The birds weren't actually napping. I was lucky enough to get photographs of their third eyelids—what biologists refer to as the nictating membrane. The term is drawn from the Latin word nictare ("to blink"). Birds have paired eyelids, as we do. These close vertically (from the top and bottom) when the bird sleeps. The nictating membrane is a separate structure located between the eyelids and the cornea. It usually remains hidden at the inner corner of the eye. The nictating membrane has two primary purposes: to clean and moisten the surface of the eye, and to protect it from injury.
This structure shows a lot of adaptive variation. Raptors have a nearly transparent nictating membrane, allowing them to see while flying but also protecting the eye from injury caused by twigs, branches, or struggling prey. Imagine the benefits of such protection for fast-flying or pelagic (sea-faring) birds, which otherwise face the drying effects of wind and abrasion from small airborne particles. Woodpeckers and nuthatches have unusually thickened, opaque nictating membranes that protect their eyes from flying wood chips.
Nictating membranes are common in every vertebrate group except mammals, suggesting that the structure evolved in fishes and was lost much later by some mammals. Monotremes (the platypus and echidna, most "primitive" among the living mammals) have nictating membranes, as do marsupials. A few groups of placental mammals retain them, in particular those that are aquatic—seals and sea lions, manatees and dugongs, and beavers. For polar bears, nictating membranes serve the additional role of protecting against UV light that is so strong in the polar environment.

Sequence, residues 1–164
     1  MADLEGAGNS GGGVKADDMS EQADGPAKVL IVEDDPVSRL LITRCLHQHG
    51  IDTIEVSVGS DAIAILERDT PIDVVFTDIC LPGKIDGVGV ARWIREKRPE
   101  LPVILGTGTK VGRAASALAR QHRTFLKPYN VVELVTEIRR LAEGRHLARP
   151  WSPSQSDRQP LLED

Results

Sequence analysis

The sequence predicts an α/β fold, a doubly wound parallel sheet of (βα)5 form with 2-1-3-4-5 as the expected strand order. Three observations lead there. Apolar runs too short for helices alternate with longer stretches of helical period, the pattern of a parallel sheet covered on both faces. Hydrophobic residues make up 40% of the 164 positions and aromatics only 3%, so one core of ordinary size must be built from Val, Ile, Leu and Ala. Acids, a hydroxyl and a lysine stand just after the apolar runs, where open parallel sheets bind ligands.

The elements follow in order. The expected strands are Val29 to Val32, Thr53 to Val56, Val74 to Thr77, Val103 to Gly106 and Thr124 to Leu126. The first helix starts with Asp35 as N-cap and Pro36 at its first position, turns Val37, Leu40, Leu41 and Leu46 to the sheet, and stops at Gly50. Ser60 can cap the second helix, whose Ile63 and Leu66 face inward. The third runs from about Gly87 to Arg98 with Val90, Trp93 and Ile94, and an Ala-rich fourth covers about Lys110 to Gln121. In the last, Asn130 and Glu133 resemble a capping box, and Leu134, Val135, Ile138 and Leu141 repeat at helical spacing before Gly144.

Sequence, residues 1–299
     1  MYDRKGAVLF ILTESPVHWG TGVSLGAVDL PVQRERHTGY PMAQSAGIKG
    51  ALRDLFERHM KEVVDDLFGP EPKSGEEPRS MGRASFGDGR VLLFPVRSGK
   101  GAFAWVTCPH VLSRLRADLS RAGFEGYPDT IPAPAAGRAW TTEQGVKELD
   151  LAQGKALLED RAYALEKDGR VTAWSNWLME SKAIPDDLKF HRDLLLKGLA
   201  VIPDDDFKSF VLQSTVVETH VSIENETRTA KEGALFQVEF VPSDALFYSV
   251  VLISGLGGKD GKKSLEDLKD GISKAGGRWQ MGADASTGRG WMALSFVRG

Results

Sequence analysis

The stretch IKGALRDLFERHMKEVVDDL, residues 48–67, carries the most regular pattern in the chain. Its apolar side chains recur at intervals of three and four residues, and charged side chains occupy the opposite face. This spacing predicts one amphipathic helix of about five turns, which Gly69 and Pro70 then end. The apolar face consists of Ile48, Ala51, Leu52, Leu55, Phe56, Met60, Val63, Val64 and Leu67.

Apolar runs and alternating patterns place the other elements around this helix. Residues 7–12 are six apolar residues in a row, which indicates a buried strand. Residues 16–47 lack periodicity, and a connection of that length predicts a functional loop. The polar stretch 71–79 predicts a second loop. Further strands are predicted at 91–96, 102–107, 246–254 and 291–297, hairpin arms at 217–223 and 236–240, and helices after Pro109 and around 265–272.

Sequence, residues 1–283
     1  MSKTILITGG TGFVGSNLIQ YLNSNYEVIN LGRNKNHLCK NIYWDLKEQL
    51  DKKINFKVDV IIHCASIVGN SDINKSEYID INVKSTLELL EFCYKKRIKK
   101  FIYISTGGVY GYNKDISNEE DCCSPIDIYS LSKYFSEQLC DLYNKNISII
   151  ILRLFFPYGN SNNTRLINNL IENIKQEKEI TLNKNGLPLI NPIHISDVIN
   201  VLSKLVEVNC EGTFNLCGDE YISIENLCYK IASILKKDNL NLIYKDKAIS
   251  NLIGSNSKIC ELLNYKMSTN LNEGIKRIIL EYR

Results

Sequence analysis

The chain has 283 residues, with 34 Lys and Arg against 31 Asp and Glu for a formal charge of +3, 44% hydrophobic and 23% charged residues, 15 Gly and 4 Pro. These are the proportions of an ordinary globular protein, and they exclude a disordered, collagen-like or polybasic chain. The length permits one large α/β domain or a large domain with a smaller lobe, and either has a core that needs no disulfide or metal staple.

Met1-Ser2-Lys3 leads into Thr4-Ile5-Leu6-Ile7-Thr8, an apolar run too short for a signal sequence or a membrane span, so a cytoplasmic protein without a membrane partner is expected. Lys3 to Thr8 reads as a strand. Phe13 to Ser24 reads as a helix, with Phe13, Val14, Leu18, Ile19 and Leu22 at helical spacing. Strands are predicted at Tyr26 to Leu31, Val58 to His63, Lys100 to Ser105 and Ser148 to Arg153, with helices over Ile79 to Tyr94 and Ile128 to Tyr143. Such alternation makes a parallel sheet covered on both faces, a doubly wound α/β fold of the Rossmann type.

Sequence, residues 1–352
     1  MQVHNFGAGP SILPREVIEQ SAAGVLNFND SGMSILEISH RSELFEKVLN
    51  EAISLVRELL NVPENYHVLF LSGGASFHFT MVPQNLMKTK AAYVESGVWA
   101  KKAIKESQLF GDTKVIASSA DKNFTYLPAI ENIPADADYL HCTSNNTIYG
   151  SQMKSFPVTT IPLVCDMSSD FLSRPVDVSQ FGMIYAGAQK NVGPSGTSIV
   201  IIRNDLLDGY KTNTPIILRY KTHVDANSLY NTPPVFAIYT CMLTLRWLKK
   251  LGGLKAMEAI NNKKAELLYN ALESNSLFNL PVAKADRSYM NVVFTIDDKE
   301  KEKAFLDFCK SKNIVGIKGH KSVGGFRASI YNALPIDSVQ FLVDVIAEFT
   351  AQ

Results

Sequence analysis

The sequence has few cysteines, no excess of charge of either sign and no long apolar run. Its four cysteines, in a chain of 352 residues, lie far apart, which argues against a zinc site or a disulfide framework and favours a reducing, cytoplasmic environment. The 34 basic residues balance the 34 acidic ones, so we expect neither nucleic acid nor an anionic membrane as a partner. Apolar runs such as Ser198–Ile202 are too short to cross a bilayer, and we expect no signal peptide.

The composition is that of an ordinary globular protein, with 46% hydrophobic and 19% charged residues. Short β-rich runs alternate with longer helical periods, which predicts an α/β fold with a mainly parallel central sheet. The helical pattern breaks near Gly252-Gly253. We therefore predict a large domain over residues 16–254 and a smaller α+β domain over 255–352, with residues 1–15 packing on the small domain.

A tiny member of the loris family, found in West Africa, is the only primate with fully functional nictating membranes: able to clean the eye and move freely across it. But this structure has not been completely lost in other primates. Take a look in the mirror. See the pink, crescent-shaped blob at the inner corner of your eye? That is a nictating membrane—or what's left of it. Opthalmologists call this the plica semilunaris. It's often said to be vestigial, a scientific term for structures that have been retained through evolutionary time but lost their function. That's not an entirely accurate description in this case. Although the plica semilunaris has no ligamenture that permits movement, it still helps to clean the eye by producing fatty secretions to which pollen, dust, and other particles stick. These waste materials glom up and weep out. Nictare—blink, blink—and your eyes are cleaner. No goggles required.